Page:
The storm formed one day before the official start of the season June 1, hitting land near the Mexican port city of Chetumal and Belize's Corozal city. It dumped rain as far south as Belize City and kicked up strong surf on the popular tourist island of Ambergis Caye.
Tropical storm warnings were issued for Belize and Mexico's Caribbean coastline.
In the Mexican state of Quintana Roo, which includes the popular resort of Cancun, ports were closed and all water sports were banned. Residents and tourists were encouraged to take precautions in coastal areas, said state Civil Protection Director Carlos Rodriguez Hoy.
Ports were also closed on the islands of Cozumel and Isla Mujeres and in Chetumal.
Authorities expected rains of up to a little more than 1 inch (30 millimeters) due to the passing remnants of Arthur, Rodriguez said.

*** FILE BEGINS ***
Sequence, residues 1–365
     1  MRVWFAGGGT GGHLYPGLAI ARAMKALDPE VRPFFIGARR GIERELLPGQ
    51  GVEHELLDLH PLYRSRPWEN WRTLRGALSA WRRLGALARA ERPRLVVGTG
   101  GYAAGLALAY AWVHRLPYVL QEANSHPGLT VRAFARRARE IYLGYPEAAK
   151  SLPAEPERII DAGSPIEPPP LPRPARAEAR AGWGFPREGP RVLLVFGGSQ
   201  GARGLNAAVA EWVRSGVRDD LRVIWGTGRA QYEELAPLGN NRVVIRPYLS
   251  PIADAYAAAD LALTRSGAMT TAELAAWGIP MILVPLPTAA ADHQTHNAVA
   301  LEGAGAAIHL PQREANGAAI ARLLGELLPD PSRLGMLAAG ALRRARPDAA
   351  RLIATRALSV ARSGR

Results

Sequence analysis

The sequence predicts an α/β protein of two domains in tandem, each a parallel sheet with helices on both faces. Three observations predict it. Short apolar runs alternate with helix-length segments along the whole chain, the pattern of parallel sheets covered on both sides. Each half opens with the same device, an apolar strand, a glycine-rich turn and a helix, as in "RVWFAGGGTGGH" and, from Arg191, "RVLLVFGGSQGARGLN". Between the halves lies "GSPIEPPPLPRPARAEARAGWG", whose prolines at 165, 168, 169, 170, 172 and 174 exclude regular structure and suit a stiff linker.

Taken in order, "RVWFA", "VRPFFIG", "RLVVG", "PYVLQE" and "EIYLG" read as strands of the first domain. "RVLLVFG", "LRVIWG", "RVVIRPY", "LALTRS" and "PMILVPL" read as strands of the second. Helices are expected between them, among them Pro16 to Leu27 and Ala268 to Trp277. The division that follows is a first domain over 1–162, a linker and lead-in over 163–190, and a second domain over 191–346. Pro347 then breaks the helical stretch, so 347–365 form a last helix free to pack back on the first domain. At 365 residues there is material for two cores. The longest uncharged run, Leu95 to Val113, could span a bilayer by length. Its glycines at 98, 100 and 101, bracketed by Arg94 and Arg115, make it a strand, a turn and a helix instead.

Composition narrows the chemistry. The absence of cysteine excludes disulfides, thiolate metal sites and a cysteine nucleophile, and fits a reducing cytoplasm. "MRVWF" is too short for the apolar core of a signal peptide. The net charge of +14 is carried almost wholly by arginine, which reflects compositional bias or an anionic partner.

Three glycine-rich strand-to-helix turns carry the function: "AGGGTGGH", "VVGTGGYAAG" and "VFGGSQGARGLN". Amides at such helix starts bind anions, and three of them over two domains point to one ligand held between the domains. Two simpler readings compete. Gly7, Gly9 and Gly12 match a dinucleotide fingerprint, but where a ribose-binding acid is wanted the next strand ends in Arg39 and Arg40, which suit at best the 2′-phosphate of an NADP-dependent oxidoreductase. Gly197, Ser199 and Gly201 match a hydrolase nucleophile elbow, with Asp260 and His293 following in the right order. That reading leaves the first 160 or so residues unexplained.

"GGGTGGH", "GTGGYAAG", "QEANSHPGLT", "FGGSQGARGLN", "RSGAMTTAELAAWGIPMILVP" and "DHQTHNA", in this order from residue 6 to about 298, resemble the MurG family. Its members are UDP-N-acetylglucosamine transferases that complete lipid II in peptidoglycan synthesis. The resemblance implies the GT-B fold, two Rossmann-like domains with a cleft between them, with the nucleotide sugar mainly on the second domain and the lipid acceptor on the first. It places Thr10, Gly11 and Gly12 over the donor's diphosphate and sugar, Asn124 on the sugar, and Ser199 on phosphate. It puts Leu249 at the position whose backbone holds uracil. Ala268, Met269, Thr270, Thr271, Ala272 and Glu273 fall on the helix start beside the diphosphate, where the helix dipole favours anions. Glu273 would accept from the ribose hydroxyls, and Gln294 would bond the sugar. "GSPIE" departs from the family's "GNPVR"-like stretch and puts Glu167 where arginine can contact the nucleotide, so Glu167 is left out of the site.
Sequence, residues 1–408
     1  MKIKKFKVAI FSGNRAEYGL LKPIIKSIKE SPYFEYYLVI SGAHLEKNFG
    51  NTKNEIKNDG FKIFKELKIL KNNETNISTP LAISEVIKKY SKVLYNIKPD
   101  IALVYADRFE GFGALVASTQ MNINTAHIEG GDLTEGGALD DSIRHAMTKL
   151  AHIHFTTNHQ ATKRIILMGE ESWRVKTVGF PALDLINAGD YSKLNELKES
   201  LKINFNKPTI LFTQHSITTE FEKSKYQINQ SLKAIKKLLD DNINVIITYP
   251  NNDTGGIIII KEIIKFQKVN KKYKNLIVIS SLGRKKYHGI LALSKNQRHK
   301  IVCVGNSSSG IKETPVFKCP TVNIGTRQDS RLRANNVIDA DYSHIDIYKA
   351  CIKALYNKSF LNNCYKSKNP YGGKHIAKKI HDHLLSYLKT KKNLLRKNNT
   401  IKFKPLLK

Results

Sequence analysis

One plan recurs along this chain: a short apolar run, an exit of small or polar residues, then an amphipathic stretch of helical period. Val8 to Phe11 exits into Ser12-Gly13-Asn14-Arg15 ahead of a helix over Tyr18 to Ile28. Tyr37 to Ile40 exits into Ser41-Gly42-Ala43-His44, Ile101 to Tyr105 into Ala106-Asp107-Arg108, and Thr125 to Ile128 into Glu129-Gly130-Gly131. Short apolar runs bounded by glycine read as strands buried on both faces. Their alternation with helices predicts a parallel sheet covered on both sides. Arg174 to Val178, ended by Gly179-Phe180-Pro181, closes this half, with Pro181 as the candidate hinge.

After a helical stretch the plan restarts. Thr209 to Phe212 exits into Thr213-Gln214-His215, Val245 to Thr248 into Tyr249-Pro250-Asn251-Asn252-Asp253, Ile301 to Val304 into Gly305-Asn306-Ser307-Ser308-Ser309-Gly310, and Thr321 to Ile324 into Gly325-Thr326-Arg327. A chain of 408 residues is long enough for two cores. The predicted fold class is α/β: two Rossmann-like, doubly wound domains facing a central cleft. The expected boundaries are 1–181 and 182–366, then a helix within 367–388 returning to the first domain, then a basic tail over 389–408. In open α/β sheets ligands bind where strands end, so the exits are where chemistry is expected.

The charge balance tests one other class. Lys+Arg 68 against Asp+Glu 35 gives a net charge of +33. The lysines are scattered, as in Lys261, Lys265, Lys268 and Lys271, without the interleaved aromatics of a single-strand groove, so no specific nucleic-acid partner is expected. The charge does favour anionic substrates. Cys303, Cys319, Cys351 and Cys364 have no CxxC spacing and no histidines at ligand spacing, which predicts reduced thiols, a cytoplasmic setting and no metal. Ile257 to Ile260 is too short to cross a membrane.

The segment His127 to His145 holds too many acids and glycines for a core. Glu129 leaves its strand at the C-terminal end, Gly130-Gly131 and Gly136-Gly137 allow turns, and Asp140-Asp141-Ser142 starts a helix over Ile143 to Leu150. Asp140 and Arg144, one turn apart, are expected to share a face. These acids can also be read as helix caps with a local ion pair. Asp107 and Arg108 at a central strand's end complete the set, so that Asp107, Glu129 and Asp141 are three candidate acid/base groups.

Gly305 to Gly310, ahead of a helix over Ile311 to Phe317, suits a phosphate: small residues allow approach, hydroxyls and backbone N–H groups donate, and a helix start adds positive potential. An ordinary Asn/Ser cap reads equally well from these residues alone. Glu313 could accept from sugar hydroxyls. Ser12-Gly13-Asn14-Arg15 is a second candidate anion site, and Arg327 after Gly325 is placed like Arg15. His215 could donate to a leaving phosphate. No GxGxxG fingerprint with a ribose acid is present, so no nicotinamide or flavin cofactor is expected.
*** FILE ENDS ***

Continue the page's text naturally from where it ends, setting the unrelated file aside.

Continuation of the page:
In northern Belize, the National Emergency Management Organization expected about 4 inches (102 millimeters) of rain and warned of possible flooding around the Azul Hondo River.
Rain and rough seas ruined vacations for tourists in Ambergis Caye.
"I just came to lay in the sun and get a nice tan, but so far there hasn't been any sunshine," said Debbie Fountaineau, a police officer from Lake Charles, Louisiana, who arrived on the island Thursday.
The storm was projected to weaken as it crosses the Yucatan before moving out into the Gulf of Mexico as a tropical depression early Sunday.
There was chance it could strengthen back into a tropical storm before hitting Mexico again south of Veracruz on Wednesday, said Jamie Rhome, a meteorologist with the Hurricane Center. It was not expected to become a hurricane.
At 5 p.m. EDT (2100 GMT), the center of the storm was located about 75 miles (120 kilometers) northwest of Belize City, and about 195 miles (314 kilometers) southwest of Cozumel, Mexico. It was moving to the west-northwest near 7 mph (11 kph).
The storm was expected to stay well away from the U.S. Gulf Coast.